Author: Sasha Soren
Page Count: 420 pages
Publisher: Beach Books
Copy for review provided by the author via Other Shelf Tours in exchange for an honest review
50 words or less: Alice (of Wonderland fame) is missing, and it's up to Henry and Winnie Flapjack to find her. All hell (literal, figurative, and otherwise) breaks loose from there.
I've been waiting to read Random Magic for a long time- the tour has been going on for awhile now, and with each successive review, author interview, bonus feature, and what have you I've seen posted, it only spiked my interest further. I'm happy to say that the real experience of reading the book lived up to the vicarious one of hearing what other people thought of it.
First off, though, and this should definitely count as fair warning; this is not a book to read when you're tired, or when your brain is not functioning at maximum capacity. There is a lot of doublespeak, entendre, verbal acrobatics, and general mayhem woven into each and every page. No element of a published book is safe from the author's wacky sense of humor- even the blurbs at the beginning of the book get the once-over. Readers need to take time to digest what each sentence says, to let the world of the book kind of unfold and percolate, and to absorb what each character is and what he/she represents. This isn't a book you can skim and expect to get the full experience.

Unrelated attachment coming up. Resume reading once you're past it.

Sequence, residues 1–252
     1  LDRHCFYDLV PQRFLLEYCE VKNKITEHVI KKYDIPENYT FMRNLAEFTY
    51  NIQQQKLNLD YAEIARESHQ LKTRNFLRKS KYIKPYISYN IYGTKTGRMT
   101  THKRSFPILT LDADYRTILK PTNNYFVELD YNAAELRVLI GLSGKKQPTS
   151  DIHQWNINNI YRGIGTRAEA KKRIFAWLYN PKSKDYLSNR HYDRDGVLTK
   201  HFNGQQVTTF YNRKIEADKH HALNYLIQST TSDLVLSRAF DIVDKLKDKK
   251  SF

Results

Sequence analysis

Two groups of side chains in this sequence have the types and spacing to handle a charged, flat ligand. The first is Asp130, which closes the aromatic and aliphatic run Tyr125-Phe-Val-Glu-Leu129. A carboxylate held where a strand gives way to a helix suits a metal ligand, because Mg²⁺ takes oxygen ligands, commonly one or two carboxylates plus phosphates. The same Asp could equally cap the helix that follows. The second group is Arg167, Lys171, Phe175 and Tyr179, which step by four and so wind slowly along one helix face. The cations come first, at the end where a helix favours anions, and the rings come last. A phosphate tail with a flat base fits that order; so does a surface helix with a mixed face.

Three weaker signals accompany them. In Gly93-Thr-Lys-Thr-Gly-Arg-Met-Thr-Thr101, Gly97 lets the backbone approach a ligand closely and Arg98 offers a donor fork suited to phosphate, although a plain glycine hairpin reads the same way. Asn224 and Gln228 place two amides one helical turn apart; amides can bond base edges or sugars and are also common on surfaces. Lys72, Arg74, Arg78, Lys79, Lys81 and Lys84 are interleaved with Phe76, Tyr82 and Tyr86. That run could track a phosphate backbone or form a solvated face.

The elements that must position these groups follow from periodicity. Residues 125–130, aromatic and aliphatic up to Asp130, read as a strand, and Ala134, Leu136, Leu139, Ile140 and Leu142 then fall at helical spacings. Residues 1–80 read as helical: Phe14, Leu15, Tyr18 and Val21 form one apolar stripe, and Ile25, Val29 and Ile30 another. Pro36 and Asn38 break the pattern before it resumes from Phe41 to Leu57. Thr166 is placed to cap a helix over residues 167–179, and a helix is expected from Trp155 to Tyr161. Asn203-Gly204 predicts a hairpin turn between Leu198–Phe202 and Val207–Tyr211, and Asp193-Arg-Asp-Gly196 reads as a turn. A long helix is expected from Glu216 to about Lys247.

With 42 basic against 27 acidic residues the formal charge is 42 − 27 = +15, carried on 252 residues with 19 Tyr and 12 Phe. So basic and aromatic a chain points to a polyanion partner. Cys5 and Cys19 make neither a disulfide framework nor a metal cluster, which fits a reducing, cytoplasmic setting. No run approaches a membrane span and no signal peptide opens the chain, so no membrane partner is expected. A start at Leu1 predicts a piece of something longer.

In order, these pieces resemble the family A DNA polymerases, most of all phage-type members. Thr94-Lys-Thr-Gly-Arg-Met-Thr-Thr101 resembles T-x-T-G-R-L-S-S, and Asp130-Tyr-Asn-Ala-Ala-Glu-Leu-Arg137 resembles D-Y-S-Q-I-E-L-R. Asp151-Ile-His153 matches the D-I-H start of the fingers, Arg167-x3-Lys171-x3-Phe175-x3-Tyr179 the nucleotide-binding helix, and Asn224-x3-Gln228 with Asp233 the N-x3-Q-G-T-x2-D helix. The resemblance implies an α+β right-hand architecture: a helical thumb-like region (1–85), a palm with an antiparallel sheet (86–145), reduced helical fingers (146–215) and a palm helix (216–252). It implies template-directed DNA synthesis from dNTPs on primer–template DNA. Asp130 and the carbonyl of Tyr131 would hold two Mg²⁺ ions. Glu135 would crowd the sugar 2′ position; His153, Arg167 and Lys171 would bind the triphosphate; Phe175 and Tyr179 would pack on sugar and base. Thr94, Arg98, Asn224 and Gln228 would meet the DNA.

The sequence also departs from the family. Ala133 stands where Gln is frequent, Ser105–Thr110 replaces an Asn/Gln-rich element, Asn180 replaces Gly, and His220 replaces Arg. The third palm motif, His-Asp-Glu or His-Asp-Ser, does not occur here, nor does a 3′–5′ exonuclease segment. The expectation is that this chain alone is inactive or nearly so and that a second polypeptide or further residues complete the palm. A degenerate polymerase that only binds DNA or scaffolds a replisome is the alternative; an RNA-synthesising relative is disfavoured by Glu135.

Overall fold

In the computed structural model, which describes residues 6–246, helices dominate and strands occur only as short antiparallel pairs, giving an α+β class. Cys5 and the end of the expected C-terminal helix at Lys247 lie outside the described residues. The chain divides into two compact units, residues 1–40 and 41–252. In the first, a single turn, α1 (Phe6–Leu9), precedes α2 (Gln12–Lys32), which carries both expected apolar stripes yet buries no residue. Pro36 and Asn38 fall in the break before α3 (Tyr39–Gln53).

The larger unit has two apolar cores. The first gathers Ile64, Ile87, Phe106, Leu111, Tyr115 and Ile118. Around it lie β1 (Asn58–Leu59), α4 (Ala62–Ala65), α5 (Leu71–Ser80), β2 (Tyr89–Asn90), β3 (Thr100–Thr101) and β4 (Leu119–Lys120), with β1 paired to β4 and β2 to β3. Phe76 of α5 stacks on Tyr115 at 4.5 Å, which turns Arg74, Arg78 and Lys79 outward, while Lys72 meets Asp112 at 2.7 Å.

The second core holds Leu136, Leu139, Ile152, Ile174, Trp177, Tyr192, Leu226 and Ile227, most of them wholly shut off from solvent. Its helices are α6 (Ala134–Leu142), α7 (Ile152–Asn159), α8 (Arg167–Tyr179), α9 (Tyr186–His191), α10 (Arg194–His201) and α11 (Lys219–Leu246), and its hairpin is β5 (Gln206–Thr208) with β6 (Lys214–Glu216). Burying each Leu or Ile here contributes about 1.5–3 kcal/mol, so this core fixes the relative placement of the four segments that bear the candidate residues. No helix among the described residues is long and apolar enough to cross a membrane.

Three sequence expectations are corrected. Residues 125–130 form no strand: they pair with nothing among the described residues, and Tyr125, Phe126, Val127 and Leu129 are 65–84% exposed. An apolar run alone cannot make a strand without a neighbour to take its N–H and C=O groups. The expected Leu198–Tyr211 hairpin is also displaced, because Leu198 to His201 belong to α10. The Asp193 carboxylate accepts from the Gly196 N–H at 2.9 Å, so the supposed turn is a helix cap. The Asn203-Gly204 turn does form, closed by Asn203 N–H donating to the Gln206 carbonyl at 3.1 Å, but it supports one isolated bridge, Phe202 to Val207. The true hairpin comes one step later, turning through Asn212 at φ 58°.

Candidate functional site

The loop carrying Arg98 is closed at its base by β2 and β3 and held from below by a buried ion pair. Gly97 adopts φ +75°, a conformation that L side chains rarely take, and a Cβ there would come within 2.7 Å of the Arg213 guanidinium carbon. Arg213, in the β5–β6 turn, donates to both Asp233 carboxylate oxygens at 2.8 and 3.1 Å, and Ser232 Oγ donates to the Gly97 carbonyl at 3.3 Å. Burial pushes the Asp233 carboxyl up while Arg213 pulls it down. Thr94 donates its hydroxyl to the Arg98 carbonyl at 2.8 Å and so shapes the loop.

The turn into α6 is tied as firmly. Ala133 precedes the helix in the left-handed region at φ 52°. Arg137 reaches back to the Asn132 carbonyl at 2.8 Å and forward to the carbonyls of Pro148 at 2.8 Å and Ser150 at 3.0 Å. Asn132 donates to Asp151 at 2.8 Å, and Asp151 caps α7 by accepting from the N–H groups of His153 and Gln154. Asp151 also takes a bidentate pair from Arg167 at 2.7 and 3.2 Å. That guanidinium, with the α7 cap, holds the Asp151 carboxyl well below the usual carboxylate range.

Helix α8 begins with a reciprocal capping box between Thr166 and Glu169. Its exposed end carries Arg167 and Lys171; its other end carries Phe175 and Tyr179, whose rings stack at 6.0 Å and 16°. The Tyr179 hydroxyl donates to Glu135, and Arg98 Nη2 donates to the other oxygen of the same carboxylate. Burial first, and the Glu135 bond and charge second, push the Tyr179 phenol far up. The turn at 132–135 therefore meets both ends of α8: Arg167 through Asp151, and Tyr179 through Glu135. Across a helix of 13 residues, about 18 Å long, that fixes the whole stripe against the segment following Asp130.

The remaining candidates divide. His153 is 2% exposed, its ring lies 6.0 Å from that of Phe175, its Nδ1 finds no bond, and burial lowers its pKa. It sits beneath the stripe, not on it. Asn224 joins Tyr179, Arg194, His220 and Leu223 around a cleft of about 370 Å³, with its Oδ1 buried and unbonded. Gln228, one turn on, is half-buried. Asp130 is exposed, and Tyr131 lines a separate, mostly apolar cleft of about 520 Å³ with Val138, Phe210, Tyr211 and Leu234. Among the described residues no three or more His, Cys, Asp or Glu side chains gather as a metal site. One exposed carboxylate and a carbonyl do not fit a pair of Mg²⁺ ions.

It's difficult to get into a lengthy discussion of the different elements of the story without giving something away; there's plenty to go over and to digest, and the only advice I can give is to read the book and then you'll get what I mean. The two main characters, Henry and Winnie Flapjack, are thrust into one misadventure/less-than-desirable situation after another and, whether through intuition, magic or sheer dumb luck, they survive. Mythological creatures and popular story characters lurk within every page; if you blink you might miss a reference or a play on words. I'll say right now- the Prologue is easily my favorite section- the verbal acrobatics really shine here, and the story hasn't even started yet!
And yet, within that same realm lies one thing that I didn't enjoy about the book. I did feel, at times, that the pace of the story suffered for the humor, and there were certainly times when I was hoping the witty banter would end and that we could just get on with it and move on to the next event. By that same count, Henry spends a lot of time in Too Stupid to Live territory, and Winnie spends a lot of time saving his ass; I admit there were many points where I was kind of hoping Winnie would relieve Henry of the responsibility of the adventure they were having and just let something eat him.
All things considered, though, this was an enjoyable book that falls decidedly off the beaten path of what's out there in fiction right now. There's plenty of fantasy and adventure to go around, wordplay that makes you think, and lots of twists and turns in the plot to make everything jive together nicely.
Overall Grade: B+